But I’m pessimistic that the Pats will stop Kelce. They might slow him down, but they’re unlikely to stop him.

In Kelce’s three games with Mahomes against the Patriots, he has displayed something pretty close to his usual preeminence.

  • Week 14, 2019: 18.0 PPR, 11.0 STD | 7-66-0 receiving, nine targets | 1-4-1 rushing
  • AFC Championship, 2018-19: 11.3 PPR, 8.3 STD | 3-23-1 receiving, five targets
  • Week 6, 2018: 11.1 PPR, 6.1 STD | 5-61-0 receiving, nine targets

Why on earth would we expect Zeus not to throw lightning bolts against a formidable foe?

In each season with Mahomes at quarterback, Kelce has been the No. 1 tight end in air yards and yards after the catch (AirYAC) per game (per RotoViz Player Statistical Summary). AirYAC is a leading indicator of fantasy output, so it’s not a surprise that Kelce has been a top producer since 2018.

  • 2020 (three games): 18.6 PPR (1st), 11.6 STD (2nd) | 93.3 AirYAC (1st)
  • 2019 (16 games): 16.0 PPR (1st), 10.0 STD (1st) | 102.1 AirYAC (1st)
  • 2018 (16 games): 18.5 PPR (1st), 12.1 STD (1st) | 121.4 AirYAC (1st)

What else really needs to be said?

Kelce is a must-start top-three tight end every week in season-long leagues.

In DFS, Kelce feels expensive for cash games, but he’s a reasonable pay-up option for guaranteed prize pools. Over the past half decade, Kelce has had a 0.76 correlation with his quarterback (per our FantasyLabs Correlations Tool). If Kelce has a big game, Mahomes probably will too. For tournaments, use our Lineup Builder to stack Kelce with his passer.

Kelce is the No. 1 tight end in the CSURAM88, Koerner and Raybon Models for FanDuel, where he has position-high median, ceiling and floor projections.

Salaries: $6,800 DraftKings, $7,600 FanDuel


Darren Waller: Las Vegas Raiders (+3) vs. Buffalo Bills, 52.5 O/U

If we look only at his 2020 production, it’s hard to know what to think of Waller. In Week 1, he was acceptable. In Week 2, phenomenal. Week 3, horrible.

  • Week 3 (at NE): 2.9 PPR, 0.9 STD | 2-9-0 receiving, four targets
  • Week 2 (vs. NO): 28.5 PPR, 16.5 STD | 12-105-1 receiving, 16 targets
  • Week 1 (at CAR): 10.5 PPR, 4.5 STD | 6-45-0 receiving, eight targets

But if we zoom out and look at Waller with a wider analytical lens, taking in everything he has done since breaking out, the picture becomes clear.

Waller has been a fantasy TE1 in 63% of his games since last year, and in only game — last week’s Patriots-induced calamity — has Waller not been at least a TE2.

It’s reasonable to expect a bounceback this week, especially given the strength of Waller’s peripherals.

Among all tight ends, Waller is No. 1 with 28 targets, a 30% target share, a 0.62 WOPR and 16.5 expected fantasy points receiving per game.

WOPR (Weighted Opportunity Rating) is a stat created by Josh Hermsmeyer. It combines market shares of targets and air yards.

With that kind of usage, Waller is almost destined to finish the season as a top-eight tight end, and that feels low given his AirYAC and how comparable it is to last year’s number.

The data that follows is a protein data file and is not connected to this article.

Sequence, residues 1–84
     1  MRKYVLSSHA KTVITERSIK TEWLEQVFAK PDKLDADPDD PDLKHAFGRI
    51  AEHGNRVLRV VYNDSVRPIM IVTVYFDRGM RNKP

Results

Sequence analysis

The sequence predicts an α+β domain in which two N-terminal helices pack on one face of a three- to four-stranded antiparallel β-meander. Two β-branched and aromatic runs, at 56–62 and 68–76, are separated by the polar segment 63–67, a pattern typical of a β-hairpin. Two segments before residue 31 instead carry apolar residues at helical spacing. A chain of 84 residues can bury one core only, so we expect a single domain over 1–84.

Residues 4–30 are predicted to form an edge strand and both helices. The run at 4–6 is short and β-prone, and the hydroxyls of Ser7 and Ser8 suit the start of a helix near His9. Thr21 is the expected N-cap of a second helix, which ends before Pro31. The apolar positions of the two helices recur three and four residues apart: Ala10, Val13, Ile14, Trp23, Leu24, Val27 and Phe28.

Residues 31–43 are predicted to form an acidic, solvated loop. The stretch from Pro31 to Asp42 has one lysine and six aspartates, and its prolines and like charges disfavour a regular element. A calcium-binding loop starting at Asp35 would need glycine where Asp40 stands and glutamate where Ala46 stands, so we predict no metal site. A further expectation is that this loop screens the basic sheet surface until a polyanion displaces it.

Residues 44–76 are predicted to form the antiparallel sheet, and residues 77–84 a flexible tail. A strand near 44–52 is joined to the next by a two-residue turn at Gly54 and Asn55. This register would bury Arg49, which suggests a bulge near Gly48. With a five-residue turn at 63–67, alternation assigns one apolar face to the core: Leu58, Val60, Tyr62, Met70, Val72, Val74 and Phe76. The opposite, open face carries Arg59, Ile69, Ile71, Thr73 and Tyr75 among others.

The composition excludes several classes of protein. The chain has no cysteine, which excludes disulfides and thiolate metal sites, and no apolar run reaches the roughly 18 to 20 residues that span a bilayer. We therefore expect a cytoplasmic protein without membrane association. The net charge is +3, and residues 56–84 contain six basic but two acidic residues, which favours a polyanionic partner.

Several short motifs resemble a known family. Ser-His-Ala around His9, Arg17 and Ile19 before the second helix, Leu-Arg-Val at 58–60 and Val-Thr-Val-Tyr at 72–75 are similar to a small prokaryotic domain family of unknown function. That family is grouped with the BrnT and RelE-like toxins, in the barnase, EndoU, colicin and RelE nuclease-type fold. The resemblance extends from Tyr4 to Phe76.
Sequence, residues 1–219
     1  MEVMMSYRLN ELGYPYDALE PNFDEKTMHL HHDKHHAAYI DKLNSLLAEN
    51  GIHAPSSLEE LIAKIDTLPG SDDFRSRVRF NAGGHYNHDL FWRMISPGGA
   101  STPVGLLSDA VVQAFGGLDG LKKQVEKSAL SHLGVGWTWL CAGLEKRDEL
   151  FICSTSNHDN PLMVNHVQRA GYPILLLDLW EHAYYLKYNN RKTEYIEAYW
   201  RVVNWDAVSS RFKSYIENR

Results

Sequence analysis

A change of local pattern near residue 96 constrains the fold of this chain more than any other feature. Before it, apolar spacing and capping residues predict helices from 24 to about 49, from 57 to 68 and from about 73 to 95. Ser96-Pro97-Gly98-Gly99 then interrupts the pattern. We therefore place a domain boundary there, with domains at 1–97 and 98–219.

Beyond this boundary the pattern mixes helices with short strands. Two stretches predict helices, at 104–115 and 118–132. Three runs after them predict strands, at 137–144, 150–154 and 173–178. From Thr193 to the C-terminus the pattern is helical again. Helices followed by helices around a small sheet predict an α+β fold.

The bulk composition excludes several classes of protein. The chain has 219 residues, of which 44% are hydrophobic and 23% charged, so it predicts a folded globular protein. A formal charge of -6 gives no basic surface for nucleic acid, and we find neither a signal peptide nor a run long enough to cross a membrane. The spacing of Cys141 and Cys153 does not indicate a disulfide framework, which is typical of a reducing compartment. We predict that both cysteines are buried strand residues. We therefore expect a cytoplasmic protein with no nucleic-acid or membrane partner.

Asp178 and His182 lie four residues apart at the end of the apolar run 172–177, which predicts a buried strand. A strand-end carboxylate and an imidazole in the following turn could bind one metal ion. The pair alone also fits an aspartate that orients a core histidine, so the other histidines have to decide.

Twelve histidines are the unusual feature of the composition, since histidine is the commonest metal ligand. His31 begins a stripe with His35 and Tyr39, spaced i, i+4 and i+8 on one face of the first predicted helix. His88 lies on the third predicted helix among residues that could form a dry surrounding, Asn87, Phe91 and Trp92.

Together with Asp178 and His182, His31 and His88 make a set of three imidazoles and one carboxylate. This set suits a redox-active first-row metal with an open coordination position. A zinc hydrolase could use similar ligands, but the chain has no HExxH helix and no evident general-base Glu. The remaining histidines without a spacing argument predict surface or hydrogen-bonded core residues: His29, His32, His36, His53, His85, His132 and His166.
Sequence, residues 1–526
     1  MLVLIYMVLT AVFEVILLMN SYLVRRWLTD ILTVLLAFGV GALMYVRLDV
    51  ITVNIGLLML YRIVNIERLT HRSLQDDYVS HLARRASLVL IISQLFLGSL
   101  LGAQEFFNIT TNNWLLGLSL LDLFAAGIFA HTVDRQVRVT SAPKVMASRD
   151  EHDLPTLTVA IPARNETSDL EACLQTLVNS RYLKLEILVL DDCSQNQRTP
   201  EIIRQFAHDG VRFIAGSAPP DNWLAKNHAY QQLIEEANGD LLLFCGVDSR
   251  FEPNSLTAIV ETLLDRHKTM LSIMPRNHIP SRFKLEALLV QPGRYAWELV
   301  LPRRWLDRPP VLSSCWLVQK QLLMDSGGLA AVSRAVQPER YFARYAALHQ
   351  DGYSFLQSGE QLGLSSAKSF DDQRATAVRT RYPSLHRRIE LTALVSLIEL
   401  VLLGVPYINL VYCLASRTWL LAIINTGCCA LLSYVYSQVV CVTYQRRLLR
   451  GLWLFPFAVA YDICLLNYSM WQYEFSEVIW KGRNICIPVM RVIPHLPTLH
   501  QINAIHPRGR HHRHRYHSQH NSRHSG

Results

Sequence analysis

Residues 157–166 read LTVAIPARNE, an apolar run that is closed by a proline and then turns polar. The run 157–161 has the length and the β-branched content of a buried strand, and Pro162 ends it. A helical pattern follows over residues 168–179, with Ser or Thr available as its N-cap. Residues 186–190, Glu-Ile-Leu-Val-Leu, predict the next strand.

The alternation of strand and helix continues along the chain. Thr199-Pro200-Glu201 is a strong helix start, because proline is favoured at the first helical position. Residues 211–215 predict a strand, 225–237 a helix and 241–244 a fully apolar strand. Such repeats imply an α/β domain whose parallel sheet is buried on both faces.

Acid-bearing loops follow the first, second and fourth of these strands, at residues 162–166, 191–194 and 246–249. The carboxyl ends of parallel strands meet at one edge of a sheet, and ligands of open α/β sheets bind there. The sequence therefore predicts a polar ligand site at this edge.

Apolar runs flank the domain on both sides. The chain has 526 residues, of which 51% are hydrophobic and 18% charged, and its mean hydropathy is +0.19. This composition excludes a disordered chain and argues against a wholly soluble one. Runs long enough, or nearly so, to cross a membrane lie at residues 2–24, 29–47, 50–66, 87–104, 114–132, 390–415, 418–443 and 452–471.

• 2020 (three games): 13.9 PPR (6th), 7.2 STD (13th) | 86.0 AirYAC (4th)
  • 2019 (16 games): 13.9 PPR (6th), 8.3 STD (8th) | 89.1 AirYAC (3rd)

In his 2019 breakout, Waller was No. 1 on the Raiders in almost every major receiving category with 7.3 targets, 5.6 receptions, 71.6 yards and 89.1 AirYAC per game.

This year, he has sustained his dominance and still ranks No. 1 on the team with 9.3 targets, 6.7 receptions, 52.3 yards and 86.0 AirYAC per game.

It’s hard for a tight end to be positioned any better for fantasy success.

The one drawback with Waller is that his matchup isn’t good. Although tight end Mike Gesicki went off against the Bills in Week 2 with 8-130-1 receiving on 11 targets, the Bills were without top linebackers Matt Milano and Tremaine Edmunds in that game.

With Milano and Edmunds, the Bills held Tyler Higbee and Gerald Everett to 4-74-0 receiving in Week 3 and Chris Herndon to 6-37-0 receiving in Week 1. And last year, opposing tight end units were No. 30 in the league with just 5.5 fantasy points per game.

And for the game, I’m gustatorily betting on the Bills. Even with their Week 3 victory, I think the market hasn’t reacted enough to what we’ve seen out of the Bills this season. On top of that, I expect the Raiders to have even less of a home-field advantage than the average non-attendance team in this COVID-impacted season, given that they just moved to Vegas this offseason and the players are still acclimating to the city and stadium.

And the Bills have been good on the road under head coach Sean McDermott, going 14-9-2 against the spread (ATS) as the visiting team, good for an 16.2% return on investment (ROI, per our Bet Labs database).



And in quarterback Josh Allen’s road starts, the Bills are 9-3-2 ATS (38.3% ROI).

This isn’t a situation in which I’m blindly optimistic about Waller or backing the Raiders: I expect the Bills to win.

And that’s a positive for Waller. As an underdog, he has had beneficial splits, getting more targets, receptions, yards and touchdowns (per RotoViz Game Splits App).

In his 10 losses, Waller has averaged 15.7 PPR and 9.7 standard points per game. In nine wins, 11.9 and 6.4.

Waller is actually advantaged as an underdog and in defeat.